Midwives Could Be Key To Reversing Maternal Mortality Trends

The Connecticut Childbirth & Women’s Center in Danbury is a 50-minute drive from Evelyn DeGraf’s home in Westchester. Pregnant with her second child, the 37-year-old didn’t hesitate to make the drive—she wanted her birth to be attended by a midwife, not a doctor. DeGraf believed midwifery care to be more personal and less rushed than that delivered by obstetrics/gynecologists (OB/GYNs). She also knew an OB/GYN would deem her relatively advanced maternal age and previous cesarean section history too high-risk to attempt a VBAC, or vaginal birth after cesarean section. But she had to drive roughly 35 miles to find a midwife because there aren’t many of them.

U.S. Maternal Mortality Rate Is Disgraceful; Worse For Women Of Color

The United States’ maternal mortality rate is abysmal, and women of color are particularly vulnerable. No amount of fame or fortune can run interference when it comes to mothers dying or at-risk during pregnancy, childbirth, or early motherhood. And that holds especially true for African American women. At 26.4 per 100,000 live births, the U.S. has the worst rate of maternal death in the developed world—by several times over. Even more disquieting, the U.S. rate rose by 136 percent between 1990 and 2013.

Health Insurance Open Enrollment Begins Nov. 1; You Can Window Shop Starting Today

Consumers will have the shortest open enrollment period yet to shop for 2019 health insurance plans – 45 days — but they can “window shop” and compare plans beginning today. Open enrollment for health plans effective Jan. 1, 2019, will run from Nov. 1 to Dec. 15, giving consumers the least amount of time to enroll in or renew plans since the Affordable Care Act (ACA) became law.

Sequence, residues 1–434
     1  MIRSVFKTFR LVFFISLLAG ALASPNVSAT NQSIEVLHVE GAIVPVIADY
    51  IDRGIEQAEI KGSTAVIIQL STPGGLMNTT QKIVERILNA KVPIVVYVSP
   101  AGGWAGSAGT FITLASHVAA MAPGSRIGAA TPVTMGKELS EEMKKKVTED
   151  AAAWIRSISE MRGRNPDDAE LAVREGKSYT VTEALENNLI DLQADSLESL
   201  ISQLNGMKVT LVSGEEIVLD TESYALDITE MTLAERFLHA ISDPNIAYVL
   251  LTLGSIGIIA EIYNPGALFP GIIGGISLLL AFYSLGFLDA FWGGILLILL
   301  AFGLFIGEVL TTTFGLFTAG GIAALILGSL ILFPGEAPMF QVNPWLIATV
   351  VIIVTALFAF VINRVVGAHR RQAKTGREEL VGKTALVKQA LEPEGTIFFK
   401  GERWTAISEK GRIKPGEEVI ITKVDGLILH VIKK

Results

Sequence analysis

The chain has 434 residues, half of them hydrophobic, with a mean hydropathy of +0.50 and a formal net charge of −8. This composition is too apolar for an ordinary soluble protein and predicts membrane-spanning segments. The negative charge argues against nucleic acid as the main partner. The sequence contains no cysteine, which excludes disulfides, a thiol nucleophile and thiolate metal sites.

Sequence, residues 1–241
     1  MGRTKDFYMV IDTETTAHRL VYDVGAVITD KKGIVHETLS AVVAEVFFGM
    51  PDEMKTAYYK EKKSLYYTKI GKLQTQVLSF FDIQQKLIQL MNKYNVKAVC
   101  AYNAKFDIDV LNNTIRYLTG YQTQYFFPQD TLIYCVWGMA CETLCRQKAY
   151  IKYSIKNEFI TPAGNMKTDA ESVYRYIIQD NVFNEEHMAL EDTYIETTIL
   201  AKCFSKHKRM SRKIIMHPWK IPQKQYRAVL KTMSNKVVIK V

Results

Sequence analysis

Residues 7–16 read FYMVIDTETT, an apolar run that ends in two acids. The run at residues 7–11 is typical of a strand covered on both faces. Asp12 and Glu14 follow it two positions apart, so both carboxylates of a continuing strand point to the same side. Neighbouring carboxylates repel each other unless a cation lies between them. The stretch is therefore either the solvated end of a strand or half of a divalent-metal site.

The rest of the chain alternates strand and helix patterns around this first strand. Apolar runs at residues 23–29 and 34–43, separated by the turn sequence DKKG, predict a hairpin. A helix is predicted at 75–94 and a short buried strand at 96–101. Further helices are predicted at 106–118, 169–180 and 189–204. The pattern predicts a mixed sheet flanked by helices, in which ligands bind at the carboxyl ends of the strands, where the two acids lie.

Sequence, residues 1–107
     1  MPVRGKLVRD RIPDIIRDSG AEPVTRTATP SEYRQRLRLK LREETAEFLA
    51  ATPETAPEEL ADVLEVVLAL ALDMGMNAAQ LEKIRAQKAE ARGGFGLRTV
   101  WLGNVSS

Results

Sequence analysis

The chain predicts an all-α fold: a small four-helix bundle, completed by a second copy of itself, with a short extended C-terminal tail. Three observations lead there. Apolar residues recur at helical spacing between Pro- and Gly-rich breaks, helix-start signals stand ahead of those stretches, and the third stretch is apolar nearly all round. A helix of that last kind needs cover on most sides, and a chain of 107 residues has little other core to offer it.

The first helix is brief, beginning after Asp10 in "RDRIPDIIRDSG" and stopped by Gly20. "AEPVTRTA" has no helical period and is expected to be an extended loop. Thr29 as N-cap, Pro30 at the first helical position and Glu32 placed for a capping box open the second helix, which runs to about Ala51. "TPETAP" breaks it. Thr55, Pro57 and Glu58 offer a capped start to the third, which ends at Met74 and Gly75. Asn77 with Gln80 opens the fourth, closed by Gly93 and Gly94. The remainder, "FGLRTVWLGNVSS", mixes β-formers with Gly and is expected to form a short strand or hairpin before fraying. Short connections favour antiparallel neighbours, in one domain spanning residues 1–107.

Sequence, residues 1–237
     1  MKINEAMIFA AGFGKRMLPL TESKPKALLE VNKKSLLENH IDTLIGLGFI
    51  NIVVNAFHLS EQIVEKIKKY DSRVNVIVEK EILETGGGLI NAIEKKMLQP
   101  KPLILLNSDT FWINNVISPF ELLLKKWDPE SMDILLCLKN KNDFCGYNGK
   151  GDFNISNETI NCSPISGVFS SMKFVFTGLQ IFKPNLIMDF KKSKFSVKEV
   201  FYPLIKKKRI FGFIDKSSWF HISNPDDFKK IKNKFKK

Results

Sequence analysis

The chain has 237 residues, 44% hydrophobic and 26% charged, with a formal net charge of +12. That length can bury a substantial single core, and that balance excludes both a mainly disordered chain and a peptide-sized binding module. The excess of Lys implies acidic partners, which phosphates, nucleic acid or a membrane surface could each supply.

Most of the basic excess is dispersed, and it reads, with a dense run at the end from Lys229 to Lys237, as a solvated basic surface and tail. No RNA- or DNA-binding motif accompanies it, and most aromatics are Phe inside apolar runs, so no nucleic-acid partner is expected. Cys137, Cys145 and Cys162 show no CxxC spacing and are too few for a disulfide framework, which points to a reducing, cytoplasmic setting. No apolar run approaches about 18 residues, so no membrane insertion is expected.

HPV-Related Cancer Rates Outpace Vaccine Rates

Cancers linked to the human papillomavirus (HPV) rose dramatically in a 15-year period, even as the rates of young people being vaccinated climbed, the Centers for Disease Control and Prevention (CDC) reported. The 43,371 new cases of HPV-associated cancers reported nationwide in 2015 marked a 44 percent jump from the 30,115 cases reported in 1999, according to a CDC analysis. HPV vaccination rates have improved over the years, but not fast enough to stem the rise in cancers, the CDC said. Oropharyngeal (throat) cancer was the most common HPV-associated cancer in 2015; accounting for 15,479 cases among males and 3,438 among females, the CDC data show. HPV infects about 14 million people each year and between 1999 and 2015 rates of oropharyngeal (throat) and vulvar cancer increased, vaginal and cervical cancer rates declined, and penile cancer rates were stable, according to the CDC.

Strategic Outreach Bridging Racial Gap In Pregnancy-Related Health Outcomes

New Haven resident Kimberly Streater was pregnant with her third of six children when she called her friend for a ride to the hospital after sustaining a hit to her stomach by her then-husband. When she reached the hospital, Streater, not yet 28 weeks pregnant, alerted personnel that her baby was coming—now. “They said, ‘No, no, he’s not coming,’ after I told them he was,” she recalled. Minutes later, Howie was born at 3 pounds and 1.5 ounces in the admitting area of the hospital, just as Streater had predicted. Statistically, the preterm birth of Streater’s baby does not come as a surprise.

Yale Program Tackles Kids’ Obesity By Teaching Parents Healthy Eating Habits

It’s a summer afternoon and parents with their young children have gathered to hear what a nutritionist with Women, Infants and Children (WIC) has to offer. They watch with intrigue as Mary Paige demonstrates how to make yogurt dots from frozen Greek yogurt and French fries from roasted parsnips and carrots. After a 10-minute demo in the WIC office at Yale New Haven Hospital’s Primary Care Center, Stephany Uriostegui of West Haven is sold. She can’t wait to try the recipes at home for her 10-month-old son and 5- and 7-year-old daughters. “I always buy the [yogurt dots] from Walmart,” she said.

Costs And Access Still Barriers To Health Care, Survey Finds

Iasiah Brown, 25, of New Haven, said he does not see a need for a primary care doctor for himself and his daughter, opting to visit clinics in the area instead of waiting up to two weeks for an appointment at a doctor’s office. Brown is among the 83 people who said they didn’t have a primary care doctor in response to a health-care usage survey by the Conn. Health I-Team and Southern Connecticut State University. The team surveyed 500 people and interviewed dozens statewide between January and March. About 83 percent of respondents said they had a primary care doctor, but the rate was lower for African American (78 percent) and Hispanic respondents (75 percent).